An amazing new DNA test from researchers at the Institute of Cancer Research in London is able to detect breast cancer cells in the blood months before any other test.
Scientists at the Institute of Cancer Research in London have developed a new blood test that could save countless lives. According to a report from the BBC, trials showed that the test was effective at detecting breast cancer relapses in 12 out of 15 women.
The secret to the test lies in the wonders of DNA. When people have tumors surgically removed, the cancerous growths often leave behind traces of their own genetic information. While experts believe that the test will probably not be ready for widespread use for a couple more years, many are confident in the new test’s ability to locate these miniscule traces of cancer, months before they grow into something more serious again.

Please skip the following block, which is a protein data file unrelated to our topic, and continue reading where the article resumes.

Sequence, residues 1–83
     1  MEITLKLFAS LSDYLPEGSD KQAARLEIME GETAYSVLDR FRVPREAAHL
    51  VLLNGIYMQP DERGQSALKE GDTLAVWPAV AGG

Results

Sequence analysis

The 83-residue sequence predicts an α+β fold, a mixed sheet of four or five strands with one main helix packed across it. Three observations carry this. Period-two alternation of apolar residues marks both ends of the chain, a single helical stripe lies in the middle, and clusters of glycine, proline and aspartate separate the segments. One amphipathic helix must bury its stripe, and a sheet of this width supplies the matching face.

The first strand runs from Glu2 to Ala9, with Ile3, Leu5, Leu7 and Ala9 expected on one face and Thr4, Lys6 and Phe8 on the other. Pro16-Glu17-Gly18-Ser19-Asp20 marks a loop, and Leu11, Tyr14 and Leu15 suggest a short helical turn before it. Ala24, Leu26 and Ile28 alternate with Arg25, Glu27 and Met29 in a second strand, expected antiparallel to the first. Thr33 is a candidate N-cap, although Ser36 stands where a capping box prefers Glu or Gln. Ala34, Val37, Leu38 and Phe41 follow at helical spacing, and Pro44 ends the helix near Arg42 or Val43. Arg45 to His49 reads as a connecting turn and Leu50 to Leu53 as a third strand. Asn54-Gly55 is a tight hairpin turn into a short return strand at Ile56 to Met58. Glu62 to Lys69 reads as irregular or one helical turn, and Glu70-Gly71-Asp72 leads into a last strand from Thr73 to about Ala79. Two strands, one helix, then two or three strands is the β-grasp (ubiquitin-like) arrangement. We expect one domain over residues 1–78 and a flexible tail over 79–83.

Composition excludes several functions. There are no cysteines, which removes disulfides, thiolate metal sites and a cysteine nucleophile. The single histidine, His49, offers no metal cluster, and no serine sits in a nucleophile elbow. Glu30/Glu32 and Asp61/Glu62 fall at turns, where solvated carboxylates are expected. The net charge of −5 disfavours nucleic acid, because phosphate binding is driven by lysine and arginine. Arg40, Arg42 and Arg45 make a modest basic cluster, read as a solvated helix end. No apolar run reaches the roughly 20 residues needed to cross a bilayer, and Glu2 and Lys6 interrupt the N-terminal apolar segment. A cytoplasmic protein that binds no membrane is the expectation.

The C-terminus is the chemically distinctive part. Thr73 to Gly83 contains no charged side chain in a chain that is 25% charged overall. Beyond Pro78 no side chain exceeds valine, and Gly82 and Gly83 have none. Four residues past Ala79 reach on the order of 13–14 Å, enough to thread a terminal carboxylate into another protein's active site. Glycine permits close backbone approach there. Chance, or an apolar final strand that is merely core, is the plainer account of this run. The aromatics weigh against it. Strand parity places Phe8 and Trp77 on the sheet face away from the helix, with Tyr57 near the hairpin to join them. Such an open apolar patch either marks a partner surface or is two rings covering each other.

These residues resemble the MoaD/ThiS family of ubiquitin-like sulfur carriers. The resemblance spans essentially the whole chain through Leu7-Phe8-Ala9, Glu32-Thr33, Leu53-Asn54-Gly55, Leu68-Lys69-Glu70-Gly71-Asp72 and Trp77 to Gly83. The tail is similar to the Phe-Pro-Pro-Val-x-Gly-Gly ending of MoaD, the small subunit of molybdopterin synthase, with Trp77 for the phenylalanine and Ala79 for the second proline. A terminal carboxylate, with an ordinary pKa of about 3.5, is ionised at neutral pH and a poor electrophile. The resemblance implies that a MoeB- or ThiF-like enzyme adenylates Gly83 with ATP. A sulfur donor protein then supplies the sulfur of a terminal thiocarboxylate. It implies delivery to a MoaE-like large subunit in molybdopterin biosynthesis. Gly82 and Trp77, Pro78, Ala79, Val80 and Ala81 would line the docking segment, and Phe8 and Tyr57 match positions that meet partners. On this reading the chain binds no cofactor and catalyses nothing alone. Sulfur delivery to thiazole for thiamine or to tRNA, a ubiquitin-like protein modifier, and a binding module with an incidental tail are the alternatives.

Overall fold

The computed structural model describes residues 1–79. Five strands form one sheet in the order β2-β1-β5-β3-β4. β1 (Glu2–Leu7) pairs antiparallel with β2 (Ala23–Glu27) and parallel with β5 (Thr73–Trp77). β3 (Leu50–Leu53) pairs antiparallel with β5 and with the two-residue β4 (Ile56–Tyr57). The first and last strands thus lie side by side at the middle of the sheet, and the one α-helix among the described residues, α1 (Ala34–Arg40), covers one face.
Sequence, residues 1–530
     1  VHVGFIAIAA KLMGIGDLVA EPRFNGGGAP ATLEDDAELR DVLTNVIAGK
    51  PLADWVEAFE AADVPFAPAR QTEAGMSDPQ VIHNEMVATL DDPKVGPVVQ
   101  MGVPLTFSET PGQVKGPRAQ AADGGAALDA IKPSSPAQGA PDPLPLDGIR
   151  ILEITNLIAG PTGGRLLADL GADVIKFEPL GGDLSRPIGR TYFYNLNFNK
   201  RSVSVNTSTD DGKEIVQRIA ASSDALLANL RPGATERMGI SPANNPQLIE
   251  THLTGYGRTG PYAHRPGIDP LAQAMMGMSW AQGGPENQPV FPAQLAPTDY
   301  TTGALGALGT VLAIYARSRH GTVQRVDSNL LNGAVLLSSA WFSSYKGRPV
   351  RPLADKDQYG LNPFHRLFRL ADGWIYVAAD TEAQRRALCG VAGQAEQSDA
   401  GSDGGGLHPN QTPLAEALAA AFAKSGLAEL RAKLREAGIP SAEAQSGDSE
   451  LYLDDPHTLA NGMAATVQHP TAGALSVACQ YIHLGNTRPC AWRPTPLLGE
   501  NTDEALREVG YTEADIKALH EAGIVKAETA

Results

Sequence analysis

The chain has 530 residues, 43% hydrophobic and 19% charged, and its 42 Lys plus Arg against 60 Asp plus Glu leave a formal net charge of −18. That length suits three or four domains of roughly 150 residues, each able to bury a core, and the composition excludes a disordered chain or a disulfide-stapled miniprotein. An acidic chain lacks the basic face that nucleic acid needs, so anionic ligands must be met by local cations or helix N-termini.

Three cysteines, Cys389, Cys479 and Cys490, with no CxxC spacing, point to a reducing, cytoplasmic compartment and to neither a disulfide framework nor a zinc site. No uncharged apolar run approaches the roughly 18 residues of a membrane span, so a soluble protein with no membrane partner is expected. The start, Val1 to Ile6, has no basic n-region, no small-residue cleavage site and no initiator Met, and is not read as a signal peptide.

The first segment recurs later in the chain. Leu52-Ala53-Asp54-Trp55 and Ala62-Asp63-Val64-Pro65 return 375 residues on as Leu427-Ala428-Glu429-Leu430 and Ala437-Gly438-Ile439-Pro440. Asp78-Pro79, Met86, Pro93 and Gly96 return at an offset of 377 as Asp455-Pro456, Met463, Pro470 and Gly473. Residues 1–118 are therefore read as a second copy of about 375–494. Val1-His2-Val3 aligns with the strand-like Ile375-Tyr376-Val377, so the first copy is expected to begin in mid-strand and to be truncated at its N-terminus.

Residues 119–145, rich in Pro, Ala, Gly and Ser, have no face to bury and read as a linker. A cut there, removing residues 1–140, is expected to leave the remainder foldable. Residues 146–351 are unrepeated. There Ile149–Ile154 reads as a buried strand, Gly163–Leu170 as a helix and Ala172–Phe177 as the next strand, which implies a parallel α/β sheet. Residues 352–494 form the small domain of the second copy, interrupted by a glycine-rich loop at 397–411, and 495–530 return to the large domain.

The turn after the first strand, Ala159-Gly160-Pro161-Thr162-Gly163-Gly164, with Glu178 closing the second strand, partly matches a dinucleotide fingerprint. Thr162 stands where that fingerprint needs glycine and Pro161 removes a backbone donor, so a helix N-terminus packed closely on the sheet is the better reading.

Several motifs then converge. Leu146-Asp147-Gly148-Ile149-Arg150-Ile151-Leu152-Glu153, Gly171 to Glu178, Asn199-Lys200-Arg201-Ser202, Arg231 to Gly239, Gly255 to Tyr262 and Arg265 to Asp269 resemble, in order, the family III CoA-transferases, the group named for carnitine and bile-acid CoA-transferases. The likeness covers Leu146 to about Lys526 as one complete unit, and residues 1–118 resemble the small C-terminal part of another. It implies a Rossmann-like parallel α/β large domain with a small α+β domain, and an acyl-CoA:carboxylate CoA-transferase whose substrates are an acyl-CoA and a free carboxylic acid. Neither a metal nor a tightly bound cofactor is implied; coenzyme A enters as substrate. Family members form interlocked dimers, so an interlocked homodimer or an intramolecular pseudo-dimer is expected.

The study examined 55 patients who were at a high risk for cancer relapse after having large tumors removed with surgery. Researchers examined the mutated DNA from tumor cells and then scanned blood samples for traces that matched. Of the 55 patients, 15 of them relapsed and developed subsequent tumors. The blood test was able to give 12 out of these 15 an advanced warning.
The other three patients had cancerous cells in their brains, where a protective blood-brain barrier may have trapped cancerous DNA from circulating throughout the body.
The blood work is relatively cheap, but scanning for DNA mutations remains expensive. The test is much less invasive and faster than traditional cancer screens, but it will still be some time before the test is fully developed and ready for use.